On the surface, the difference between an employee and a contractor seems simple: one is permanent and one is not. However, the test used by the courts to determine the matter has changed. In order to avoid unexpected personal liability in the case of a dispute, it’s important to be clear about the classification of the roles.
Some clients have engaged a sole trader, partnership or a family trust with an individual trustee, thinking they were hiring a contractor. It was only later after a dispute emerged that they realised they were wrong.
The test used by the courts is not as clear as it once was and so it’s important to understand it.
There are 5 key factors the courts consider when determining if someone is a contractor or an employee:
- Control. Greater control by the boss indicates an employee relationship, while an employer exercising little control indicates a contractor.
- Payment. Payment on a regular basis indicates an employee relationship, while payment for a particular service indicates a contractor role.
- Delegation. Contractors can delegate work to others, an employee does the job personally.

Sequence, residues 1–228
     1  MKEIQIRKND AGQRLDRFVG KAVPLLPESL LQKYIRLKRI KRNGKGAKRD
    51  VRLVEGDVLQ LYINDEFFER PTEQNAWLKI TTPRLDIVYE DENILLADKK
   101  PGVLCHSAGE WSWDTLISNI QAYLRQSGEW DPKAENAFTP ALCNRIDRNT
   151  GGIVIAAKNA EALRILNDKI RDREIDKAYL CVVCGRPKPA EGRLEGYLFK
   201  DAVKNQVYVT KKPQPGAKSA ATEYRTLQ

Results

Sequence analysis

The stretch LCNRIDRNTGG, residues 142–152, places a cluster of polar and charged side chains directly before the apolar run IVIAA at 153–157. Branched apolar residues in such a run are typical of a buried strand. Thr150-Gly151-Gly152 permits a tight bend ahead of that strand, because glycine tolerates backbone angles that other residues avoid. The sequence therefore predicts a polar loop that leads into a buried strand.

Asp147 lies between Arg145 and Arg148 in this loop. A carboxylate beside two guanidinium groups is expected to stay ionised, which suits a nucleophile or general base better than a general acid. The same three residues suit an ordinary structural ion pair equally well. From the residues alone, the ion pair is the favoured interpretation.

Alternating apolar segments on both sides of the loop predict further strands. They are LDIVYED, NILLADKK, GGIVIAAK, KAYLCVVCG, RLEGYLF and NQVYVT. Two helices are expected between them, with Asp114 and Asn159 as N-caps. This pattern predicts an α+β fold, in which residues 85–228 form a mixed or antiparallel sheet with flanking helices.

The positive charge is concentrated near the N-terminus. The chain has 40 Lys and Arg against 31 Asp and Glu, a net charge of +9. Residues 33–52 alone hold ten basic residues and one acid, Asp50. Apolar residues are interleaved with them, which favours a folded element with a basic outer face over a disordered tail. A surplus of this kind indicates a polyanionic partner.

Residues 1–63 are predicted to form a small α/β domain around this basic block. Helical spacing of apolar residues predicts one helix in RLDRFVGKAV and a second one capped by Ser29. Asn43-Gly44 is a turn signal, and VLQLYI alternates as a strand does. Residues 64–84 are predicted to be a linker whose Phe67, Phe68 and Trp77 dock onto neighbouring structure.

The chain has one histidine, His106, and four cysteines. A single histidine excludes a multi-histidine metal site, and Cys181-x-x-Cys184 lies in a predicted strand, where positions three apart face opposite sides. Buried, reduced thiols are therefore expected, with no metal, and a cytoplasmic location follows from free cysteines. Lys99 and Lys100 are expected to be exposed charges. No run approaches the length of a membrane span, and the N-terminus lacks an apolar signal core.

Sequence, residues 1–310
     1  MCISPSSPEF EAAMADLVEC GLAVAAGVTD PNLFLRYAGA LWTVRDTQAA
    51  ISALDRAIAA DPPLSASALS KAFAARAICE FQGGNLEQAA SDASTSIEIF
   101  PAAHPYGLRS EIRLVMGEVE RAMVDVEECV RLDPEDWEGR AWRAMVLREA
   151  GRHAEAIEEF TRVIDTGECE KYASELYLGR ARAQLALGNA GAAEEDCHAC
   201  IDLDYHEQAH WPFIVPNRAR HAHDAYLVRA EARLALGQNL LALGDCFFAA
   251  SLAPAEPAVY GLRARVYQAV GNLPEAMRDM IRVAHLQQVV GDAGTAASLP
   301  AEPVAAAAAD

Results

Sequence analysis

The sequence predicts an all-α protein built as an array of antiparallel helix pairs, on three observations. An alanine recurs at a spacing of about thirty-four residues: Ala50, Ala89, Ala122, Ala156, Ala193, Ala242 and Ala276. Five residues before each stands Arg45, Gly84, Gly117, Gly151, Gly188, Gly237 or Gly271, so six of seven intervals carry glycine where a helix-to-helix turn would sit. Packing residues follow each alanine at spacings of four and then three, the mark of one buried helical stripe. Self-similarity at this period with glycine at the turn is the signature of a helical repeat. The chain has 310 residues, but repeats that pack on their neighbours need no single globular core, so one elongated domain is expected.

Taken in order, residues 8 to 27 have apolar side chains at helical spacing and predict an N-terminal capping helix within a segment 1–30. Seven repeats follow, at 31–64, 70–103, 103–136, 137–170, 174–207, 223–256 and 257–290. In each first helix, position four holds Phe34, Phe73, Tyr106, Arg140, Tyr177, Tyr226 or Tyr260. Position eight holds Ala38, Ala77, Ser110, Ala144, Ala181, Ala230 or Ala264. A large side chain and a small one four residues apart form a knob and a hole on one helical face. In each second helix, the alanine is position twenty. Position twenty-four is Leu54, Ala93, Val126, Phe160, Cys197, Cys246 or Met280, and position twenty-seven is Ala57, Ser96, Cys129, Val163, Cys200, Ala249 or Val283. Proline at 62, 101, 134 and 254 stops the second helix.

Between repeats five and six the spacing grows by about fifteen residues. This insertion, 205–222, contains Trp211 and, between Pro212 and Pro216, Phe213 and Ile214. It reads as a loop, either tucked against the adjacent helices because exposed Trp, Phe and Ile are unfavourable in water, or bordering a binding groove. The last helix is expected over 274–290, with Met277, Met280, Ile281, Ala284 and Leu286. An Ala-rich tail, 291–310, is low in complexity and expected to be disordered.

- Commercial risk. Contractors carry their own insurance and bear the cost of any defects in their work. Usually an employee does not.
- Responsibility for equipment. Contractors pay for their equipment, employees are supplied with equipment or are reimbursed.
What this means to you
Employers need to exercise caution. The consequences of getting it wrong can have unfortunate and unintended repercussions including:
- ATO Superannuation Guarantee – the ATO are working on getting all contractors to have superannuation paid at 9.5% of their contract payments.
- Workers Compensation Insurance – in WA, the state legislation requires that a contractor that is a sole trader or partnership must be covered for Workers Compensation by the head contractor. Most other states are similar, but the details depend on the individual.
- MyLeave – in WA for the construction industry, the legislation requires contractors and employers to pay contributions for Long Service Leave as they go.
And the potential liability for:
- Payroll tax
- Holiday leave and sick leave
- Back pay
- Unfair dismissal
- Long service leave
There is no obligation for the above to be paid for contractors – but there is for employees.
We recommend considering the sub-contractor’s legal structure before engaging their services, as well as having a clearly set out subcontractor services agreement.
If employing a staff member, we also recommend that you have a clear employment contract.
Should you have any further enquiries, please don’t hesitate to contact us on (08) 9227 6300 or email@example.com